How we meet best practice

It’s vital that everyone, from fishers to retailers, scientists to consumers, has confidence in the blue MSC label and the credibility of the claims made by certified organisations.

We go to great lengths to ensure we meet the highest international benchmarks for credible certification and ecolabeling and our standards reflect best practice in fisheries management.

Our program is the only wild seafood certification program to be consistent with all the following international norms:


The UN FAO Code of Conduct for Responsible Fishing

The MSC Fisheries Standard is based in part on the UN FAO Code of Conduct for Responsible Fishing. The Code was established in 1995 as a framework for international efforts to encourage fishing activity that is sustainable and in harmony with the environment. It provides principles and standards for the conservation, management and development of fisheries around the world.

The UN FAO Guidelines for the Ecolabelling of Fish and Fishery Products from Marine Capture Fisheries


The MSC's seafood certification and ecolabelling scheme is fully consistent with the UN FAO's internationally-agreed set of principles for ecolabelling of wild caught seafood. These include:

• objective, third-party fishery assessment using scientific evidence
• transparent processes with built-in stakeholder consultation and objection procedures
• standards based on the three factors - sustainability of target species, ecosystems and management practices.

This is confirmed by external auditing to the Global Sustainable Seafood Initiative benchmark.

The Global Sustainable Seafood Initiative

We are currently the only international certification program for wild caught seafood recognised by the Global Sustainable Seafood Initiative (GSSI), an independent benchmark for the credibility of sustainable seafood certification programs. GSSI was developed by a coalition of environmental NGOs, global businesses, industry experts, governments and intergovernmental organisations and is based on UN FAO codes and guidelines. 

The auditing process to assess the MSC to this benchmark took over 18 months and included open consultation on GSSI’s report. It reviewed our governance, management, supply chain traceability and auditing, as well as a wide range of other relevant areas including deep-sea fishing, vulnerable marine ecosystems and data collection to demonstrate impact.


World Trade Organization Technical Barriers to Trade Agreement

Standards and other regulations can sometimes create obstacles to international trade, known as Technical Barriers to Trade (TBTs). These cause inequalities by preventing some countries from participating in and benefiting from international trade.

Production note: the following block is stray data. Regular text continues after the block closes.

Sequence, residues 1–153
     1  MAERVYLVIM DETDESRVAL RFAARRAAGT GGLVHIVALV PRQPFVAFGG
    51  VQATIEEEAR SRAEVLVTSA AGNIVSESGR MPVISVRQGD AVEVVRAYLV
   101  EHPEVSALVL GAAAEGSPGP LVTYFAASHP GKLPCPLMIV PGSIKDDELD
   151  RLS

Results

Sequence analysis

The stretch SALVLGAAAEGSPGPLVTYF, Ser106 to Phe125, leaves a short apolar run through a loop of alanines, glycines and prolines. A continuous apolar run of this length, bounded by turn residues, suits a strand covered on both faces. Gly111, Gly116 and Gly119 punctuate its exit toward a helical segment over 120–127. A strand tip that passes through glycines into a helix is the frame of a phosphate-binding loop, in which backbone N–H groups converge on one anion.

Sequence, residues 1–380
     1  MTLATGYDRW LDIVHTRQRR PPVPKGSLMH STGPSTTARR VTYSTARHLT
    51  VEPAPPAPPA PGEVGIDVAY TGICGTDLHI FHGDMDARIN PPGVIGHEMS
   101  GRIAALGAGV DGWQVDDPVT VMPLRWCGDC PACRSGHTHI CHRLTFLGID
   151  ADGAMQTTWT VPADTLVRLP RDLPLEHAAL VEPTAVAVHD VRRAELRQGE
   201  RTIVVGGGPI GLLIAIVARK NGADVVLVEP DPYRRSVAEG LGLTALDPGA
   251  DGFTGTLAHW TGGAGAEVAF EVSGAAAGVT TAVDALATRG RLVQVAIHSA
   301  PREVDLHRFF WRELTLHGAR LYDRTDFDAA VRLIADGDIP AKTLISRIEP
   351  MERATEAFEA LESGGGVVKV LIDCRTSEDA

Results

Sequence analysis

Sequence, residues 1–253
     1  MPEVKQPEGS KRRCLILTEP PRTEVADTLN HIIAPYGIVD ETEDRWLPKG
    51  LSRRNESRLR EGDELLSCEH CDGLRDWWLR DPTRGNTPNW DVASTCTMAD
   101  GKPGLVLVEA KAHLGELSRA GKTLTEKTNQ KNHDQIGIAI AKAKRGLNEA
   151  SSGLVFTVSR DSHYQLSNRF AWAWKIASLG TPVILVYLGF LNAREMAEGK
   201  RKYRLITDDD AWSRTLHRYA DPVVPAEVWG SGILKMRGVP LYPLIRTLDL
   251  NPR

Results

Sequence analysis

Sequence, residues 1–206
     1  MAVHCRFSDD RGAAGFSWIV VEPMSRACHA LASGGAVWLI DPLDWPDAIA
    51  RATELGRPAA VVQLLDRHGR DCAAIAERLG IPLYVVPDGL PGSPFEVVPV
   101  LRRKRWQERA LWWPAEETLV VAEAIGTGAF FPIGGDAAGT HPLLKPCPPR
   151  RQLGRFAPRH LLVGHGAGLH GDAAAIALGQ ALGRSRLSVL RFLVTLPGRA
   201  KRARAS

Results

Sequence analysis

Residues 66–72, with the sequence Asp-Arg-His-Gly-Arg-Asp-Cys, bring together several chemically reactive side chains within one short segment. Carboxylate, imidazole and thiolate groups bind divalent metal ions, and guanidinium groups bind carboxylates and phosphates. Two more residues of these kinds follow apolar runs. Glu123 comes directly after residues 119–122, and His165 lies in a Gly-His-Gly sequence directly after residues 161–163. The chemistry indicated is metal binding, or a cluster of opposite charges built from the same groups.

The World Trade Organization (WTO) Technical Barriers to Trade Agreement exists to ensure that standards do not create unnecessary obstacles to trade. ISEAL has sought a legal opinion from the Centre for International Environmental Law (CIEL) which confirms that all organisations consistent with the ISEAL Code of Good Practice, are not TBTs.


ISEAL's international codes for credible standards setters

We are the only wild seafood certification program to be a full member of ISEAL, the International Social and Environmental Accreditation and Labelling Alliance. 

As an ISEAL member, we comply with their highly regarded codes for standard setting, assurance and impact monitoring. These require that:

• Standards are set in open, transparent and participatory processes
• Rigorous assurance mechanisms are in place to mitigate risks of non-compliance
• There is systematic and objective evaluation of the standards' effects and impacts
• There are measures to integrate new information and encourage ongoing improvement
• Monitoring and evaluation is in place to demonstrate the impacts of the program.

We're regularly audited to ensure that we meet these codes.
 
Other full members of ISEAL include Rainforest Alliance, Fairtrade and the Forestry Stewardship Council.

Additional recognition of best practice

In addition to meeting international norms and guidelines for best practice, our program is well regarded by numerous international organisations who scrutinise the role of standard setting in safeguarding our oceans.

Global leaders in ocean sustainability

MSC certification is used as an indicator in the United Nations (UN) Convention on Biodiversity’s Aichi Targets. Part of the UN’s decade-long initiative to significantly reduce biodiversity loss by 2020, these targets were widely consulted with the international conservation and governance community.

The MSC and other credible standard setters are seen to have a key role to play in helping companies and governments to achieve the UN Environment Programme’s Sustainable Development Goals by providing best practice guidance for 'what good looks like' in a specific industry (WWF/ISEAL, 2017).


 

More about the MSC

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What is the MSC?

The Marine Stewardship Council is an international non-profit organisation. We recognise and reward efforts to protect oceans and safeguard seafood supplies.

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Is seafood with the MSC label really sustainable?

You can trust that seafood with the blue MSC label was caught by a responsible fishery in a sustainable way.

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The MSC and the UN Sustainable Development Goals

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